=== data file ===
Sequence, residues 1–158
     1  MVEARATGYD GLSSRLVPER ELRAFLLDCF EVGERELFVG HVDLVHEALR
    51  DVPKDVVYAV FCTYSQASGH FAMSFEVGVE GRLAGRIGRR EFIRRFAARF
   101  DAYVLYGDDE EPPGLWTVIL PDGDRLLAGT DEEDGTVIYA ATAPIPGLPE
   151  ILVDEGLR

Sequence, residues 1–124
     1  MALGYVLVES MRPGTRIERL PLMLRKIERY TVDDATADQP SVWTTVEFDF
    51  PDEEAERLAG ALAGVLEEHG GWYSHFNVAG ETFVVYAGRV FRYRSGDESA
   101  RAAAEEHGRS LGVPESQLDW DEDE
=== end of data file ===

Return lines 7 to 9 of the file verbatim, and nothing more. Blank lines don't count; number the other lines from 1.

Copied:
     1  MALGYVLVES MRPGTRIERL PLMLRKIERY TVDDATADQP SVWTTVEFDF
    51  PDEEAERLAG ALAGVLEEHG GWYSHFNVAG ETFVVYAGRV FRYRSGDESA
   101  RAAAEEHGRS LGVPESQLDW DEDE